South Dakota has taken one giant leap towards promoting cleaner, more renewable energy. Earlier this month, the Mount Rushmore state opened its largest solar farm, with officials celebrating the milestone with a ribbon-cutting ceremony. Located on a 9-acre field surrounding the Pierre airport, it’s expected to produce enough electricity for roughly 200 households, making it a critical component in South Dakota’s energy infrastructure.
Of course, building this massive solar farm was no easy task, nor was it cheap. Estimates suggest it cost around $2 million, with many officials saying that’s a conservative estimate. South Dakota’s largest solar farm was a joint effort, with workers from the Geronimo Energy and Sioux Falls-based Missouri River Energy Services collaborating on the project. Researchers from the University of South Dakota are also expected to take part, although they’ll be focused strictly on researching the farm’s power output.
To put the importance of this solar power farm into perspective, officials say it’s the first “utility scale” project in the state — and they are hoping that it paves the way towards other clean and renewable energy projects.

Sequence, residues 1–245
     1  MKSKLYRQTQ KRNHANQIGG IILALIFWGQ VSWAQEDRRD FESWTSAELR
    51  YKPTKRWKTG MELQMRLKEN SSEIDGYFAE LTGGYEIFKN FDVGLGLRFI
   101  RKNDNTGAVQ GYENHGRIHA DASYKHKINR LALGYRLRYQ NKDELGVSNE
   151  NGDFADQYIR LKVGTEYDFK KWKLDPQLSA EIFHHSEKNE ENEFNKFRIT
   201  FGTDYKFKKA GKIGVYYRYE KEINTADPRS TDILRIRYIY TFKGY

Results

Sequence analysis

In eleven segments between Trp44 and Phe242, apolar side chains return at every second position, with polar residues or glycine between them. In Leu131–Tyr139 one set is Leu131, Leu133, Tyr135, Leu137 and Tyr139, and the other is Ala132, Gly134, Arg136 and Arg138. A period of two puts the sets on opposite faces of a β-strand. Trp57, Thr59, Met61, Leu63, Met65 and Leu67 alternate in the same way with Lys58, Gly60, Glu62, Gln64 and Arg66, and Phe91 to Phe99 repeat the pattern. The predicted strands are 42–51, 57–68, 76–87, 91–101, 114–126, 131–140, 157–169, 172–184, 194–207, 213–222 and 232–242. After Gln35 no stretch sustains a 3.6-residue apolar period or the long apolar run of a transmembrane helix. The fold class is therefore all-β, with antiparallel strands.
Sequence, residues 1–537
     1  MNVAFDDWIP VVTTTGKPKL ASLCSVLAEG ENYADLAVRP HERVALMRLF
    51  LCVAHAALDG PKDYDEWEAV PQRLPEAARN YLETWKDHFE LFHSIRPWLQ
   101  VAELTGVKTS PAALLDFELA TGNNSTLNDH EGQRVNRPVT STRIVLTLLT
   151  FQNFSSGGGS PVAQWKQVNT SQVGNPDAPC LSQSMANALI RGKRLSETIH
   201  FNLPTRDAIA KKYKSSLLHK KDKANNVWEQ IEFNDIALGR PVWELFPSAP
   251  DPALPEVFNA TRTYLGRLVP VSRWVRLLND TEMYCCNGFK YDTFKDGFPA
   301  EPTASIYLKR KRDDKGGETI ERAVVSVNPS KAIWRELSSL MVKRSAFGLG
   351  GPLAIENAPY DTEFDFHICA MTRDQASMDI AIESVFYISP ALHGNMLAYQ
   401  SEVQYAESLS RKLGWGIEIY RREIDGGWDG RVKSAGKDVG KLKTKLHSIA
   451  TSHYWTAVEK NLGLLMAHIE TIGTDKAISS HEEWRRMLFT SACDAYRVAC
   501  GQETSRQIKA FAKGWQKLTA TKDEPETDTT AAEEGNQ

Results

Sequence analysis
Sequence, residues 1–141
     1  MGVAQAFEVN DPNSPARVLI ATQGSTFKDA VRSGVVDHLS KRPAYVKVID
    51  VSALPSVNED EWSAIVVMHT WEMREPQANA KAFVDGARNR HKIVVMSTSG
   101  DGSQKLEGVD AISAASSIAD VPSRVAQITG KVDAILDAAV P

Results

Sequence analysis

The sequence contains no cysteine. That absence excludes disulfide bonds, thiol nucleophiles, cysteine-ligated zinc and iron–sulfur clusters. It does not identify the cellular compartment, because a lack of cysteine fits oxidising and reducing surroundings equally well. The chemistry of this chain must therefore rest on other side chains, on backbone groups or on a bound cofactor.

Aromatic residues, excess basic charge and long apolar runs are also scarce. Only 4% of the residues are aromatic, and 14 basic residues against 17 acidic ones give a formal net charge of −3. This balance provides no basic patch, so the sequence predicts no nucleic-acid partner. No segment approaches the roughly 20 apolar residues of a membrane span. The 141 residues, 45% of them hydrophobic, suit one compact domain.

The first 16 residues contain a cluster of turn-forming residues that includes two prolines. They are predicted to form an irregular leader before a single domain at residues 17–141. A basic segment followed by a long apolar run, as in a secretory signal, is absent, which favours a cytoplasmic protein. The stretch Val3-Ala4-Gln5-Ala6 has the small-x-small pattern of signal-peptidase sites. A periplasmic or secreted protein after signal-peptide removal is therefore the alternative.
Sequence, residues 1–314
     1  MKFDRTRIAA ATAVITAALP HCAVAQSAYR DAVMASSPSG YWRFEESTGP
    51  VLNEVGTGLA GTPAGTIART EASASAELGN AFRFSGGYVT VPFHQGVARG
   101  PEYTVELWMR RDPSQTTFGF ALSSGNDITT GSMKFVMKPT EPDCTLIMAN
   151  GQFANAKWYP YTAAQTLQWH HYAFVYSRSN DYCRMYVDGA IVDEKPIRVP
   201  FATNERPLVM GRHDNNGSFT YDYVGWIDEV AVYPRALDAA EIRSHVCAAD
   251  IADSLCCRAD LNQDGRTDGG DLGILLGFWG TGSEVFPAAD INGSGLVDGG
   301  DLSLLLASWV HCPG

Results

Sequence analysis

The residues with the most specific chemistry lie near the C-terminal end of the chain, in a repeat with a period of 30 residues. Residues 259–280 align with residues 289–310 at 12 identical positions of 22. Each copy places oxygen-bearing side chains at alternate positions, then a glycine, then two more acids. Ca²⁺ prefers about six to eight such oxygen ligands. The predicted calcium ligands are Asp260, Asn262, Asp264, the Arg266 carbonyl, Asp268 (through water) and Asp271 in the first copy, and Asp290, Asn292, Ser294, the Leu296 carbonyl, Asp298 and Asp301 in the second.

There’s been a growing push among government officials and the general public alike to make the transition from coal-burning power plants to solar and wind energy. The latter, of course, is clean and renewable, making it the preferred choice for Eco-conscious individuals.
“It’s just a demonstration (project) for us,” said Tom Heller, CEO of Missouri River Energy Services. “It’s not large. It’s the first one we’ve done. We just want to see what it will do. As utility companies start to look at the economics of solar, and as solar technology improves — the economics is improving — there will become a point when a number of the other utilities will want to do something similar, or perhaps larger-scale projects.”
As you may already know, solar power involves the use of PV panels to collect and convert sunlight into electricity. According to estimates by the Internal Energy Agency, solar power will produce 11 to 16% of the world’s electricity, attesting to its importance.
While the new solar power farm in South Dakota is certainly impressive, it’s not the world’s largest. That title belongs to the Ivanpah farm. Located in the scorching-hot deserts of the Mojave, it produces some 392 MW of power.
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